Doctors tested the recovered pen by writing “HELLO”
Stop me if you’ve heard this one before. Long, long ago—well, in the 1980s—a middle-aged British woman noticed a spot on her tonsil. To get a better look, she grabbed a mirror, opened wide, and started poking around with a plastic felt-tipped pen—which is where she ran into trouble. The woman claimed that she slipped and fell, swallowing the pen in the process. But between the implausibility of consuming a pen and the fact that X-ray scans failed to reveal the writing implement, everyone assumed she had made up the story…
Stegoceras “Steel Skull” validum
It’s a question we’ve all asked ourselves, watching nature “red in tooth and claw”: Which animal, in all evolution’s bounty, would win in a head-butting fight?
We don’t have to wonder anymore. In a new study, researchers have rounded up the likely contenders for head-butting champ, living or dead, ranging from long-extinct domeheaded dinosaurs to modern-day musk oxen. Since some animals had an obvious advantage, what with being currently alive, the scientists settled for a virtual throwdown. They used CT scans to suss out the precise shape and size of each creature’s noggin, then relied on computer models to see how they’d hold up when the animals went head to head.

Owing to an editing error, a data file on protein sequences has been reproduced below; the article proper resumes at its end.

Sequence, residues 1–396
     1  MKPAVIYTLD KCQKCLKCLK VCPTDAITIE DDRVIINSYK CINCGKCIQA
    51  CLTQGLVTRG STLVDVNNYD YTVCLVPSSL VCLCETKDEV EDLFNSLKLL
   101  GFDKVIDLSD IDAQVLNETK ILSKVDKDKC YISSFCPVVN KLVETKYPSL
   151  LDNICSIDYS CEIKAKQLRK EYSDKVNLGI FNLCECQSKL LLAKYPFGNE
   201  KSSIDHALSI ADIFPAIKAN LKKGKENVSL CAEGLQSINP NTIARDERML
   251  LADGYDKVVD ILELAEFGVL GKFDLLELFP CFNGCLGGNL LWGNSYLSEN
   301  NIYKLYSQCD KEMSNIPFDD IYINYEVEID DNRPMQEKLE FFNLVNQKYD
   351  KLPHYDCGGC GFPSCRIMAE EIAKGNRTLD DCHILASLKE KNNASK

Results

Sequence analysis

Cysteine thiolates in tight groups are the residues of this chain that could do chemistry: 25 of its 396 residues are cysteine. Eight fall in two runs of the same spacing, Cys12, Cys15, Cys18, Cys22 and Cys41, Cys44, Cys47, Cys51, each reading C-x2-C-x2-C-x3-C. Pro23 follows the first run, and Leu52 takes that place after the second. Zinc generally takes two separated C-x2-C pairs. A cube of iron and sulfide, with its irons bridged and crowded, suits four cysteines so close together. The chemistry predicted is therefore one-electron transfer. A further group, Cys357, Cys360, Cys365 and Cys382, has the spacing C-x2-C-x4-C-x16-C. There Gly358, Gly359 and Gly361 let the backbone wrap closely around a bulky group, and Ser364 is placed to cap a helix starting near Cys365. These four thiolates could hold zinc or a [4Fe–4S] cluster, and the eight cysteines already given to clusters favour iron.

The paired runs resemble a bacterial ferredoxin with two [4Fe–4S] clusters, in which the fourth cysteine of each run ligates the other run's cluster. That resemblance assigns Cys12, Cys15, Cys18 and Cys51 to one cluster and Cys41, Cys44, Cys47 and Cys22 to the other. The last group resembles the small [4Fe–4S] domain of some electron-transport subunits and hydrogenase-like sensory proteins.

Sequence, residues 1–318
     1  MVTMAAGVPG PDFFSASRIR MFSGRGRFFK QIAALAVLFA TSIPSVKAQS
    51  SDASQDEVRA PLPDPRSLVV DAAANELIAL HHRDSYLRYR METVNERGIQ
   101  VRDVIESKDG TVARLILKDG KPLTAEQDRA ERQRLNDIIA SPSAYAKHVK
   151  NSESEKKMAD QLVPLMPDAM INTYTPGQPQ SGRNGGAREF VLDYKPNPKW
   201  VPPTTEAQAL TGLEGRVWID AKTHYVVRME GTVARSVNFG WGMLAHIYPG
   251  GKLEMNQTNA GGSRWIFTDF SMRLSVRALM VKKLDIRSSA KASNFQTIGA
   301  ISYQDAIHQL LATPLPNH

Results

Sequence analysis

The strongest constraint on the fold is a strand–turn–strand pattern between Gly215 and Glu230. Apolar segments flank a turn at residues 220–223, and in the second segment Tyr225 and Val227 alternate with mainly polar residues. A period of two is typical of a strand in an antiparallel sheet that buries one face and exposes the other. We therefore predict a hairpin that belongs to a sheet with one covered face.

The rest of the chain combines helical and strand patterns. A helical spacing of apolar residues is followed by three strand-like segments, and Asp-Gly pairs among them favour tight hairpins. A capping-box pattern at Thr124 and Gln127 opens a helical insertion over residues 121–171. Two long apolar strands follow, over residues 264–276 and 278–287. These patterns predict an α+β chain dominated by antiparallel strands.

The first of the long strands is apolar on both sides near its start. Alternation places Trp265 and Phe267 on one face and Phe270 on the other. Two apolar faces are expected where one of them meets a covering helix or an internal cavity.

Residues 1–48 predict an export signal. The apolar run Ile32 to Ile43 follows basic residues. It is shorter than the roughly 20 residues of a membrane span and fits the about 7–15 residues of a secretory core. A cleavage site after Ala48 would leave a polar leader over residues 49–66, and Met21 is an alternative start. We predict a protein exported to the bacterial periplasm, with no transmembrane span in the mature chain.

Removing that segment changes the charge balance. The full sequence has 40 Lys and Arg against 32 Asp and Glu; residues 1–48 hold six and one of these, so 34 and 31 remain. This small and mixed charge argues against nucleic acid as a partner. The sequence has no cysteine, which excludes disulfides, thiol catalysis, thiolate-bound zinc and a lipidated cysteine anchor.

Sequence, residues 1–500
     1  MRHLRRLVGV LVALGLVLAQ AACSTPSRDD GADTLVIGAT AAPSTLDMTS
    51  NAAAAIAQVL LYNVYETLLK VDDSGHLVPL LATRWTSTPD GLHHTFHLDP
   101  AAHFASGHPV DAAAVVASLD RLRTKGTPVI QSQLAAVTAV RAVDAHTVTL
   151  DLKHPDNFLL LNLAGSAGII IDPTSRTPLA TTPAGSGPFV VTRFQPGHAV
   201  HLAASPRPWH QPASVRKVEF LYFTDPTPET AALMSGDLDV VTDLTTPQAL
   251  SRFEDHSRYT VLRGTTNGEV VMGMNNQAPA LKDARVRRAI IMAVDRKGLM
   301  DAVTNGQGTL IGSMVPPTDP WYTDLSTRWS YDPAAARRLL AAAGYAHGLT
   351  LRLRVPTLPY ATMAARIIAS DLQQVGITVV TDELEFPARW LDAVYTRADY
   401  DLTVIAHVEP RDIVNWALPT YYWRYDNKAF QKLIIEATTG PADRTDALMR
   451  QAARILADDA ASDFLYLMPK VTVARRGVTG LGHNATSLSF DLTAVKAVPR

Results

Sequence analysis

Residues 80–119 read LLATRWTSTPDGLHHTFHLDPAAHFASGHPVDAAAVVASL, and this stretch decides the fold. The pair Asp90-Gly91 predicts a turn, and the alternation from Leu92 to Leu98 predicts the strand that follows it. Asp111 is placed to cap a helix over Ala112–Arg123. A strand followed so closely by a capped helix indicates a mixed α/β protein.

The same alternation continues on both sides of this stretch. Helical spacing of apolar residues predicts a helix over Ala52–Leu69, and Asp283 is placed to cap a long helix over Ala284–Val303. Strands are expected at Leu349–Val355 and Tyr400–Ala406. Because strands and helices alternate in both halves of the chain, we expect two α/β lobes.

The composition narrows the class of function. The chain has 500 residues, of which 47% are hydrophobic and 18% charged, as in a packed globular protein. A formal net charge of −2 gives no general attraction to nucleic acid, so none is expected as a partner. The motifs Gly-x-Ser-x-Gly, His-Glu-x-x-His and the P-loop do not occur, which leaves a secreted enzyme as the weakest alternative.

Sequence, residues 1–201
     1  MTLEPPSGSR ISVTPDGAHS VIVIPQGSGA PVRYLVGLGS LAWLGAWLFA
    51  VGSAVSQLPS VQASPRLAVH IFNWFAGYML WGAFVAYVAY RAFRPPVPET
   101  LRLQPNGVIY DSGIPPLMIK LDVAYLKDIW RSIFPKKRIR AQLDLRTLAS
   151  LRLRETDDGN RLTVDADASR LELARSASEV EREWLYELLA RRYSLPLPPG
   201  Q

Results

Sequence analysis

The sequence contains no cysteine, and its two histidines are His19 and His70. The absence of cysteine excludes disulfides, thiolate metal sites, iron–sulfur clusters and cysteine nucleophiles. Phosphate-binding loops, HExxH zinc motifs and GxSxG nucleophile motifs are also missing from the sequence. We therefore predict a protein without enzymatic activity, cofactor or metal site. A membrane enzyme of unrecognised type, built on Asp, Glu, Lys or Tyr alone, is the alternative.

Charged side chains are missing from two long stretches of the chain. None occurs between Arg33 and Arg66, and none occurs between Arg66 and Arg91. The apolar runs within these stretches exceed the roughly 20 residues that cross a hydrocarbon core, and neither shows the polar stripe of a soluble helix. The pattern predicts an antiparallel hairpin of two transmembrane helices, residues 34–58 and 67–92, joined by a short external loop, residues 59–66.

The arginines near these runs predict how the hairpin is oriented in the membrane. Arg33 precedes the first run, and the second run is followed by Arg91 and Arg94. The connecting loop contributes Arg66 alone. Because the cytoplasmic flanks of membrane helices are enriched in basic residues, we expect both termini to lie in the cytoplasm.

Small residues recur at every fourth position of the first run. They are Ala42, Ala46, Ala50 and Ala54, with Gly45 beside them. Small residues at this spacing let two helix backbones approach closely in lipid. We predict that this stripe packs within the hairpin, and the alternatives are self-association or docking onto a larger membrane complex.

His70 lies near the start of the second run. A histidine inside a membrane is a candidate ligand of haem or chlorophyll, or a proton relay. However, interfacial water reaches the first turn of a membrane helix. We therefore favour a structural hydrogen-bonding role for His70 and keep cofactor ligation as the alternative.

When Lucy the famous australopithecine was on the way over to partake in a multi-city tour around the U.S.—her first ever sojourn outside of Ethiopia—scientists thought moving the 3.2-million-year-old hominid was senseless because traveling would injure her bones. Now that she’s finally here, lounging in Seattle’s Pacific Science Center, hardly anyone’s coming to see her.
One researcher who isn’t complaining about Lucy’s journey is John Kappelman, a University of Texas anthropologist—Lucy’s 10-day layover in his Austin-based lab gave him the chance to grab the first high-resolution CT scans of her.
At the High-Resolution X-ray Computed Tomography Facility, Kappelman placed all 80 bones onto “custom-built foam mounts” to hold them in place. Then he proceeded to run each of the bones through the high-energy X-ray scanner, working around the clock to scan all of Lucy’s bones to capture the microscopic details of her skeleton. The scans will help researchers answer some questions regarding Lucy’s lifestyle: Some think her bones—such as her long arms and curved toes and fingers—suggest she and her family spent time in trees, but others think the bones were just inherited from her tree-climbing ancestors, and that she spent more time on the ground. Kappelman will soon make his digital archive available to other researchers to search for the answers to figure out this period in pre-human history.
You can see Lucy too: Kappelman created a public Lucy Web site based on his detailed scan. And now that the pics are freely available online, will anyone get away with charging to see her live?
Image: flickr/ MashGet